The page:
how to select rough balsa for your own blank

Ive been trying to find some rough balsa to start building my own balsa blank but i have know idea what to look for.? grain,color, there seem to be different weights light is 6 to 10lbs per foot med is 10 to 14 lbs per sq foot and heavy is 14-19 .which one would work best? as for the stringer which way does the grain need to go? can i use something a little different from redwood or balsa for the stringers? any help would be really helpful.



I like 4" x 8" x 10’ timbers.

11 pounders are nice but hard to find.

Balance your board by the weight of the balsa.

When you block sand be careful of the difference in soft and hard wood.

Plan your glue up accordingly.

Watch out for spalted wood as it will disolve as you shape it.


Western Cedar looks really good against the color of the Balsa.

Plus your bay will smell awesome while shaping it out.

If you are going to surf it you need to chamber it.

I take considerable time to make them from complete scratch.

However it is pretty rewarding once you finish one.

thanks for the reply "Watch out for spalted wood as it will disolve as you shape it. " what is spalted wood? and when im planing my glue up where do i want the lightest and softest wood would i put the heavest wood in the center maybe?



Spalted wood is the result of the start of the decay process. It will appear as dark (black) streaks. Sort of an abstract pattern. You see it a lot in balsa boards. If caught in time, before it gets too punky, it can add to the overall design. Just be careful if you use it that its not too soft.

Look for wood that is really light in color with a pinkish tint to it, that is the lightest stuff.

I think you want to distribute the heavy wood equally across the board; either in the center or on the rails so the board balances. Remember, you can chamber more weight out of wood in the center of the board than on the rails. The denser wood should be more difficult to dent, so using it on the rails can be a plus.

If you can keep the wood in a dry climate (not that possible in Wilmington) you might want to kiln dry it first (if it wasn’t purchased that way) then bag it up between shaping sessions to minimize exposure to humidity.

Either own or have friends who own stuff like joiners and thickness planers. It is wood ya know…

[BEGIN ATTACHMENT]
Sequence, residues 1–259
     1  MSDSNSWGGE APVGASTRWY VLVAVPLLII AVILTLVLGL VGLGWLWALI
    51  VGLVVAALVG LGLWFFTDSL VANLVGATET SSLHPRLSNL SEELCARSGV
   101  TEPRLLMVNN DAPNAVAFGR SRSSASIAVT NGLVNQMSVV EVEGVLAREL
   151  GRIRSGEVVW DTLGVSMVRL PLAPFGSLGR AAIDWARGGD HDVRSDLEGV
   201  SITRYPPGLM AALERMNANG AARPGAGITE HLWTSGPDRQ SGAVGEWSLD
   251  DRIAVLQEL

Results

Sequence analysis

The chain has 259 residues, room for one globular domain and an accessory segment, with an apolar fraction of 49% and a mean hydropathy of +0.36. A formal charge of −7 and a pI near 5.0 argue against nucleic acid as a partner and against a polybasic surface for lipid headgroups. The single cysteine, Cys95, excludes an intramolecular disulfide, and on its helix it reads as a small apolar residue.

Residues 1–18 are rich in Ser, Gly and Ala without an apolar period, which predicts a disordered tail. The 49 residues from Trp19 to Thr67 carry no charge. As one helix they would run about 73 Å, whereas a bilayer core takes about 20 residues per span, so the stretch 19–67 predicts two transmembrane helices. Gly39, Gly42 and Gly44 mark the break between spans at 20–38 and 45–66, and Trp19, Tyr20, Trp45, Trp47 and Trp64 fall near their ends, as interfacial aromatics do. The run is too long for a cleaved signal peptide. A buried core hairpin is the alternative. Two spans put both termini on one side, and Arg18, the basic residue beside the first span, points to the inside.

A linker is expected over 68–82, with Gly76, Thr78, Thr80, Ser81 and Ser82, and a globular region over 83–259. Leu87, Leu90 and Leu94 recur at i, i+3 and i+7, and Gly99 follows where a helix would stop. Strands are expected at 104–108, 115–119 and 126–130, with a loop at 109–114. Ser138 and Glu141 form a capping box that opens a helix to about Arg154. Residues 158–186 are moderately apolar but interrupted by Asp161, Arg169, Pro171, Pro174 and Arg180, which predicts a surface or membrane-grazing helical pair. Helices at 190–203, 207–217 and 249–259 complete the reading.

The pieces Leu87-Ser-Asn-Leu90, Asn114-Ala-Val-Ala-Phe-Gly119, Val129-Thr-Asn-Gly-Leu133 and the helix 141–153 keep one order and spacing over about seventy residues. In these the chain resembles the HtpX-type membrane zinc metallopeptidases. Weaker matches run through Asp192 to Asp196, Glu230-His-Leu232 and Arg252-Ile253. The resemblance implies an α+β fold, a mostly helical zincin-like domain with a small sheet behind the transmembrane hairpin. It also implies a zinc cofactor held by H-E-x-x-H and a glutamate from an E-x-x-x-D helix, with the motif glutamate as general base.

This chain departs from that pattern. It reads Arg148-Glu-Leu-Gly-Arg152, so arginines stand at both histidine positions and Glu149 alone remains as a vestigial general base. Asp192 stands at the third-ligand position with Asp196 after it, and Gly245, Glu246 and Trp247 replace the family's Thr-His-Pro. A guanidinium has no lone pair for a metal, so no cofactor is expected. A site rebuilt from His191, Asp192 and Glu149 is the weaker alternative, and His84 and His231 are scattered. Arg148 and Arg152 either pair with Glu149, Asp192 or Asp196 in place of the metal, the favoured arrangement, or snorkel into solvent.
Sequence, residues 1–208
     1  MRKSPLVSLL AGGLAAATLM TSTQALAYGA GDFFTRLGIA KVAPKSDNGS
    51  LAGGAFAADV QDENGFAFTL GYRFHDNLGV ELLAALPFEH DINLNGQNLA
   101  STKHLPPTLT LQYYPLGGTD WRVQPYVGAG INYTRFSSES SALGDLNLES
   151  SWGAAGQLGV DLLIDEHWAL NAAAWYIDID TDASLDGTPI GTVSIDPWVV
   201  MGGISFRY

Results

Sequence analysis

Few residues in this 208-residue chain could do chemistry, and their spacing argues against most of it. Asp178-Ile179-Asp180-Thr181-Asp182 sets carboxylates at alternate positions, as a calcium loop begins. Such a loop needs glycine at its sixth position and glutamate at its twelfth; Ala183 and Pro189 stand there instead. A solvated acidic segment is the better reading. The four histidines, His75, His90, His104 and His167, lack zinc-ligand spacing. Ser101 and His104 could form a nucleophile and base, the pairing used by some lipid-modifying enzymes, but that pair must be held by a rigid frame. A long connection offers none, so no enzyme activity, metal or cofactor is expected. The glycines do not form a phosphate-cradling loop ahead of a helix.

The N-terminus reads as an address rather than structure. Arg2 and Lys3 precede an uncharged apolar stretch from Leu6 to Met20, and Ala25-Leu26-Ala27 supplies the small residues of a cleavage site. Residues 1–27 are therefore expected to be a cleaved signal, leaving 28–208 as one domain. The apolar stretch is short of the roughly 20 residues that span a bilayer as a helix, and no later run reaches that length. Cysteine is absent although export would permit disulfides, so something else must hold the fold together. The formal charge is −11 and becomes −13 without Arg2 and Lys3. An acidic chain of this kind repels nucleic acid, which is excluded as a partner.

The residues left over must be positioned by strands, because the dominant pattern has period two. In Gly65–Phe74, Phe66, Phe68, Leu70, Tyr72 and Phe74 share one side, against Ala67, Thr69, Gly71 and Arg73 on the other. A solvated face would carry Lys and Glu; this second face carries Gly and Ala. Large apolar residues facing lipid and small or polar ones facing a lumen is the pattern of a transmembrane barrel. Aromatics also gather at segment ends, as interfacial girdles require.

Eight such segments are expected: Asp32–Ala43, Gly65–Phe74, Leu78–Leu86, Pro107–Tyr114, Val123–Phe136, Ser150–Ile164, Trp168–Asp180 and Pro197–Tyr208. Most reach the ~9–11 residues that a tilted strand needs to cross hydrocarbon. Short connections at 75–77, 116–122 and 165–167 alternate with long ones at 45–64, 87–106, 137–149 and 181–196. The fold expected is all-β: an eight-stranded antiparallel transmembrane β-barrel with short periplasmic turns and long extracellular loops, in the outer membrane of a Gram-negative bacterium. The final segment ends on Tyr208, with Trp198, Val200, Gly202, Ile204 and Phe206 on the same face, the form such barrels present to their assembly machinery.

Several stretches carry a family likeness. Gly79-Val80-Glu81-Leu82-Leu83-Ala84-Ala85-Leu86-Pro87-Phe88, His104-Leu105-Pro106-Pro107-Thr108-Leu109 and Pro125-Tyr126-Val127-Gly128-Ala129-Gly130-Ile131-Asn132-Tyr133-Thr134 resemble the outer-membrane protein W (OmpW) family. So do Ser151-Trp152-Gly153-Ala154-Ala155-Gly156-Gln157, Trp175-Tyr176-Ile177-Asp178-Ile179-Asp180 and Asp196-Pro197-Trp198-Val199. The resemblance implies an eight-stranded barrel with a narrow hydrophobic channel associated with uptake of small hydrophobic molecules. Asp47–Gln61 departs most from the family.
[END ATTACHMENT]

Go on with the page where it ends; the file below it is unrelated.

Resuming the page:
Shaping and glassing a balsa were the most rewarding experiences I’ve had in making surfboards.

Spalting is any form of wood coloration caused by fungi. Although primarily found in dead trees, it can also occur under stressed tree conditions or even in living trees. There are four distinct types of spalting, however only three of them are actually considered pleasing.

[/url] Types

Spalting is divided into three main types: pigmentation, white rot and zone lines. Spalted wood may exhibit one or all of these types in varying degrees.

[/url] Pigmentation

Also known as sapstain, or in its most common form, bluestain, this type of spalting occurs when the darkly-pigmented fungal hyphae grow in the sapwood parenchyma of a tree [1][2]. A visible color change can be seen if enough hyphae are concentrated in an area [3]. These pigmentation fungi often colonize wood via the rays, but are not considered decay fungi due to their non-destructive use of easily available wood carbohydrates [4][5]. The most common groups of pigmentation fungi are the imperfect fungi and the Ascomycetes [5]. Mold fungi, such as Trichoderma spp., are not considered to be spalting fungi, as their hyphae do not colonize the wood internally.

While pigmentation fungi do not degrade the wood cell wall, this type of decay can lead to a reduction in toughness (amount of energy absorbed before breaking), and increased permeability [6]. Pigmentation can occur on both hardwood and softwood, unlike other types of spalting which are more host specific.

[/url] White Rot